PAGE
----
There also is the testimony of two air-conditioning technicians, both of whom testified that they have observed corrosion in a number of air-conditioning units in the vicinity of the Mill, which was, they surmised, a result of excessive hydrogen sulfide exposure. But according to the record, to determine whether any particular corrosion actually was a result of hydrogen sulfide exposure, it would be necessary to test the corroded components, and neither of the technicians has submitted any parts for such testing. Consequently, their opinion that the corrosion is due to hydrogen sulfide exposure seems to amount to nothing more than conjecture. And in any event, one of the technicians testified that the corrosion he observed was near the Mill, but not within the class area. The other technician said that he saw corrosion in a few air-conditioning units within the class area and outside Mallard Pointe, but the locations at which he saw corrosion still were close in proximity—relative to the class area as a whole—to Mallard Pointe. Without more, evidence of corrosion at these locations does not tend to show any likelihood that the class area as a whole was contaminated.
There also was evidence from the named plaintiffs themselves, who noted that they had been exposed to noxious odors at their homes, which they attributed to hydrogen sulfide gas. But again, the named plaintiffs live in Mallard Pointe, which sits just across the road from the Mill itself. The idea that their testimony tends to show that the class area as a whole—which stretches for some distance to the west of Mallard Pointe—has been exposed to harmful hydrogen sulfide gas is a dubious one.
From the evidence of record, one fairly could conclude that a number of people in the vicinity of the Mill—especially those living in Mallard Pointe—have experienced problems that might be attributable to the alleged release of hydrogen sulfide gas from the sludge fields at the Mill. But the locations at which these people have experienced such problems (as evidenced by the record) do not seem to coincide with the full extent of the class area. Whether the “common contention” of harmful exposure can be proved on a classwide basis is in doubt, at least as to the class as the trial court defined it. As Judge Branch aptly said in her dissent:
[T]he class appears to have been defined not by any logical determination of the actual effects of the Mill's numerous and intermittent releases of hydrogen sulfide on persons and property over a period of years, but rather by means of arbitrarily drawn lines on a map.
Ratner, 323 Ga.App. at 218, 746 S.E.2d 829 (Branch, J., dissenting) (citation and punctuation omitted).15
No one should misunderstand us to say that commonality never can be shown in the context of environmental mass torts, that it cannot be shown in this case, or even that it cannot be shown in this case as to the class as the trial court defined it. It certainly is conceivable that the plaintiffs might show the requisite commonality of that class or another. Cf. Brenntag Mid South, Inc. v. Smart, 308 Ga.App. 899, 902, n. 2 (2), 903–904(2)(a)(ii), 710 S.E.2d 569 (2011) (plaintiffs in class action asserting claims of environmental torts satisfied commonality requirement with proof that each class member actually was evacuated as a result of accidental release of acidic gas, and class was defined in terms of the locations covered by “evacuation orders as well as expert consultation as to ‘the actual geographical extent of the chemical plume as it spread’ ”). But if the plaintiffs are to satisfy the commonality requirement, they have some more work to do. The certification of the class was an abuse of discretion, and the Court of Appeals should have reversed it. Accordingly, we reverse the judgment of the Court of Appeals.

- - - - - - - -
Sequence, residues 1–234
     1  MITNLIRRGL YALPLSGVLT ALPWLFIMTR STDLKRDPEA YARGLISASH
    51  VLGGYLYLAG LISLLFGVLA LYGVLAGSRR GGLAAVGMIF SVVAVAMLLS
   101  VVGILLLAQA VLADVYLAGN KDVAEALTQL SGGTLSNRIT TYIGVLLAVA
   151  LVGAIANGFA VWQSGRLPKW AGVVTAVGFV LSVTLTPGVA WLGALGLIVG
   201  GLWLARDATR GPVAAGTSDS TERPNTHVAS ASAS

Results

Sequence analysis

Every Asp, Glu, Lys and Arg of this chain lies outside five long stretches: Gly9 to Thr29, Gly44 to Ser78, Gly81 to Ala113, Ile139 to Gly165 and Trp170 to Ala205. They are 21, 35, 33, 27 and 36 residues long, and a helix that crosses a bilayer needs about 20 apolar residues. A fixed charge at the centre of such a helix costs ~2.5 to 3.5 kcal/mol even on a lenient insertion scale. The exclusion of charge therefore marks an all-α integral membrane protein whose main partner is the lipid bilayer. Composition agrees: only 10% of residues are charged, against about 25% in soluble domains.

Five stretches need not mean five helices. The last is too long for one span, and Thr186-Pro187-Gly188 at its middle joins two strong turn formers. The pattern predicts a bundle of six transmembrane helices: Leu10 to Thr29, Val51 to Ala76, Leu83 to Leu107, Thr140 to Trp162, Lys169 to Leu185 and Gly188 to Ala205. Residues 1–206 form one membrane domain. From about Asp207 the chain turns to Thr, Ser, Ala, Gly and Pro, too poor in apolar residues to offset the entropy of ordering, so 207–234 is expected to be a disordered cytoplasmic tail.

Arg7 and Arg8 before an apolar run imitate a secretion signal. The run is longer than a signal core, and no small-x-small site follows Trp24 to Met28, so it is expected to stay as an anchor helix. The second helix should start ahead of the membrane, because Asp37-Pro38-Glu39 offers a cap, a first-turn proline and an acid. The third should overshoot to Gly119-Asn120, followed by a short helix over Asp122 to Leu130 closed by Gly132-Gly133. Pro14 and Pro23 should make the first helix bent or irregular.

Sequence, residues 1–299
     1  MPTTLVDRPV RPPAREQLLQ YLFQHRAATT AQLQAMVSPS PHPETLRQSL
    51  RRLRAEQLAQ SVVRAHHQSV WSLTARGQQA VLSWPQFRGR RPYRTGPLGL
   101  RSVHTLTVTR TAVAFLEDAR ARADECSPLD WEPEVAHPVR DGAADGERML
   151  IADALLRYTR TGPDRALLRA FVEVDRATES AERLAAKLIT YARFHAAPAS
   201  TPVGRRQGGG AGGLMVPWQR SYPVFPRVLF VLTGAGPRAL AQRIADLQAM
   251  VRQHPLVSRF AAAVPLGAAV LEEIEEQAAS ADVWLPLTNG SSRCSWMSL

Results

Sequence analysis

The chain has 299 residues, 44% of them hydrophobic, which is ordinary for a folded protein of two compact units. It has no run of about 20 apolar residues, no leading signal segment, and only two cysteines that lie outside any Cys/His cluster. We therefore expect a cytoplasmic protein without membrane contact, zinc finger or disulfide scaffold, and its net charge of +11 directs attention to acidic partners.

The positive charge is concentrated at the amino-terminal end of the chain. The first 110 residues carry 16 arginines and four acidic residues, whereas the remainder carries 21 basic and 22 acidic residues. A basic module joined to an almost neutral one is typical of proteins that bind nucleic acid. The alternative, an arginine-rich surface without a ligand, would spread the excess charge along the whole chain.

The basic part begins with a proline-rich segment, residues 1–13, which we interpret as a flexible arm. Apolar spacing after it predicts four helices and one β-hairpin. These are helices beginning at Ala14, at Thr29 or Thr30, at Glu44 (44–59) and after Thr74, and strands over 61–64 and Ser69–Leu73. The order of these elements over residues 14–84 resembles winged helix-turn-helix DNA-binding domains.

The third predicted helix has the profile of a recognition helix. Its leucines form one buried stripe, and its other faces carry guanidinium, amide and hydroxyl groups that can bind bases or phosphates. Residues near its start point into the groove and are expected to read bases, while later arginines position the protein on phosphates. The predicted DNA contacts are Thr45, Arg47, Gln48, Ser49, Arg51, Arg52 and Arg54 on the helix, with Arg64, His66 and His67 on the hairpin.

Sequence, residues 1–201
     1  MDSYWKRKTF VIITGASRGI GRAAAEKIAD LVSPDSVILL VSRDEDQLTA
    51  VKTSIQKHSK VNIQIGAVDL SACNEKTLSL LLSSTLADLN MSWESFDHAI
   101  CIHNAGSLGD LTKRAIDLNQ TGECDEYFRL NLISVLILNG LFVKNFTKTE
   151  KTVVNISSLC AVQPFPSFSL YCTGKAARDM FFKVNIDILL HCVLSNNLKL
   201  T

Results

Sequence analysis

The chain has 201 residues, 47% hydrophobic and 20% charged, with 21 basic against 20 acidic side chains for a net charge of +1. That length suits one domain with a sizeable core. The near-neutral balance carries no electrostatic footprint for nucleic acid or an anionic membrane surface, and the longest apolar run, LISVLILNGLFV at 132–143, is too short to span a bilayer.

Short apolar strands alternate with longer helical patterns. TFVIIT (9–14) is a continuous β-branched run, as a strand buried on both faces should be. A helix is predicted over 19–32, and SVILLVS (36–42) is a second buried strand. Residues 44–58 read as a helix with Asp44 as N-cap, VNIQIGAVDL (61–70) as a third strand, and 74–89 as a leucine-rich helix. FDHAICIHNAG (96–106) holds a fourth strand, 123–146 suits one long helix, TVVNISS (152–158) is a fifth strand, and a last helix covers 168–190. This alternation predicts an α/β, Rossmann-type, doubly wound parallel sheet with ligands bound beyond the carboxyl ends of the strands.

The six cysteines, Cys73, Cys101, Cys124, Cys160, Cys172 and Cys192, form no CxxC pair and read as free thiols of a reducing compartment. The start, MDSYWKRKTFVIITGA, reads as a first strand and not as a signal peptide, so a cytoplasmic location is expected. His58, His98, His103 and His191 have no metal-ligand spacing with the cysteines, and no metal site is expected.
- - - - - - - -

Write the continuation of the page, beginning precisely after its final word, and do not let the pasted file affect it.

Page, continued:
Although I concur fully in the majority opinion, I write separately to point out that, for many of the same reasons discussed with regard to commonality, certification of the class in this case would be inappropriate due to a lack of typicality. OCGA § 9–11–23 provides that “(a) One or more members of a class may sue or be sued as representative parties on behalf of all only if: ․ (3) The claims or defenses of the representative parties are typical of the claims or defenses of the class.” The named plaintiffs in this case have not been shown to be typical of the claims or defenses of the proposed class, as its members own different tracts of land subjected to varying uses (some residential, some agricultural, some commercial and/or industrial, some vacant and unused) and located at different distances and directions from the sludge fields in question. Therefore, the purported class in this instance fails for both lack of commonality and typicality.